On Wednesday, Minnesota became the fourth state in the nation to offer state employees paid parental leave. Gov. Mark Dayton approved the plan that allows new parents to take up to six weeks to be with their newborn or adopted child.
Licensed childcare facilities in Minnesota don’t accept infants younger than six weeks. Joe Sullivan and his wife are both state workers and members of the Minnesota Association of Professional Employees. They had a child this summer, and Joe said paid parental leave will make a big difference for them in those first critical months.
“She can stay with the baby a little bit longer, and it will help us be able to shop around more and find a daycare for the baby,” Sullivan said. “And it just gives her more time to bond with the child.”
Benefit could be taken away
But the benefit may not last long. The program went into effect on an interim basis only, pending full legislative approval.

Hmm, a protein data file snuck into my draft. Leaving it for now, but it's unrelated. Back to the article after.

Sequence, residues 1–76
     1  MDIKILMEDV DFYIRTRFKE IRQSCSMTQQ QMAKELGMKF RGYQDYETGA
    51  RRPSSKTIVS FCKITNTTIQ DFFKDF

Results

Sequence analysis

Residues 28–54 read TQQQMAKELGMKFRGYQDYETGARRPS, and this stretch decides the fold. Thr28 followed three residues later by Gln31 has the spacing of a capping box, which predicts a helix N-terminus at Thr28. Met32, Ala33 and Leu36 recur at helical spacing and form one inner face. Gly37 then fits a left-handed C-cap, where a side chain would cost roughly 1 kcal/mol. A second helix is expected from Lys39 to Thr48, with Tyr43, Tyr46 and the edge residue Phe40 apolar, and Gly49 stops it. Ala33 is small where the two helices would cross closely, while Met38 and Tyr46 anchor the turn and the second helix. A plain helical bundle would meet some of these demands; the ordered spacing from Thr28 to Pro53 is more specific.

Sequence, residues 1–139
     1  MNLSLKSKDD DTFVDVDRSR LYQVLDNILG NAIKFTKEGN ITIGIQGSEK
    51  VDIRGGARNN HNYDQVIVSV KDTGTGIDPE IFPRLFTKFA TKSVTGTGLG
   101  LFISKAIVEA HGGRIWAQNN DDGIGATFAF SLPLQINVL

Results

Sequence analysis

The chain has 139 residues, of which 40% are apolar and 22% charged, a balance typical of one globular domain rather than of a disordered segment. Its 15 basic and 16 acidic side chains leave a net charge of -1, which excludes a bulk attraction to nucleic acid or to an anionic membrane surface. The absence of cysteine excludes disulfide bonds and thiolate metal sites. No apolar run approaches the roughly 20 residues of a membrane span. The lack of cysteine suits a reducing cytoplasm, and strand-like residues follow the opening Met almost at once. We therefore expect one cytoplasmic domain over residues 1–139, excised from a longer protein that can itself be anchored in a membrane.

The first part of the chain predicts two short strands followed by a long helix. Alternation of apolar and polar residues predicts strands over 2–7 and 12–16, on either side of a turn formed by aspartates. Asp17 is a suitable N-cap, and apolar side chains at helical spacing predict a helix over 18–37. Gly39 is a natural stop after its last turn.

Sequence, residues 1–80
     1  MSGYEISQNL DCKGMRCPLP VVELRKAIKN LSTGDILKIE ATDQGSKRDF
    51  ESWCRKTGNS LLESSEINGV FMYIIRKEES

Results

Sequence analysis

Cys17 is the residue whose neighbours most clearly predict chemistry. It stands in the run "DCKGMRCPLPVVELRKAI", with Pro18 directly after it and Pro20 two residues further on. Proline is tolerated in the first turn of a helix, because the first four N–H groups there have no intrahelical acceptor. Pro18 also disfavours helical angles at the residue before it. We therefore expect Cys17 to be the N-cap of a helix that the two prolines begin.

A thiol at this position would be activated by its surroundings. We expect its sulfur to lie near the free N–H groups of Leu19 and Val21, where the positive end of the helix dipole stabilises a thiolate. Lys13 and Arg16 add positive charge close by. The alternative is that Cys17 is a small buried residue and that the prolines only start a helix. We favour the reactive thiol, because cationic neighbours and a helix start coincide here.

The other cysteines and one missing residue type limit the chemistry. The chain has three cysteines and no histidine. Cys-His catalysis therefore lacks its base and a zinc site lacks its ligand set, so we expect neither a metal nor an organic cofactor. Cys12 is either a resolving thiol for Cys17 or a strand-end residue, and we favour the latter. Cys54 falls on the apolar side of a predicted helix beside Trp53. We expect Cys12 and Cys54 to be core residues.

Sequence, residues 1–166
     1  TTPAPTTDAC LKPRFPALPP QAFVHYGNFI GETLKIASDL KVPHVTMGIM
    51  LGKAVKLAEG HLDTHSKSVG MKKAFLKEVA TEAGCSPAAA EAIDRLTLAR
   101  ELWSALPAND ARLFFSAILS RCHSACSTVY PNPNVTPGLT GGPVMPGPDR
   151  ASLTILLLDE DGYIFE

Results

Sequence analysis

With Republicans taking control of the state Senate in January, many workers fear that approval could be denied. But Sullivan said he remains hopeful.
“This is a very bipartisan issue. It affects the quality of life of children and their families,” he argued. “Even Donald Trump, the current Republican president electe, supports paid maternity leave.”
Currently, the United States and Papua New Guinea are the only countries in the world that do not offer paid maternity leave.
Several Minnesota cities and many private employers already offer paid parental leave, which could draw away good state employees and drive up worker-replacement costs. And, Sullivan added, since it only applies to new parents, offering the benefit would be cost effective.
“At the end of the day I don’t think this is something that’s going to have a very large financial impact in the big scheme of things,” Sullivan said; “but it’ll really be a great benefit for a lot of people.”
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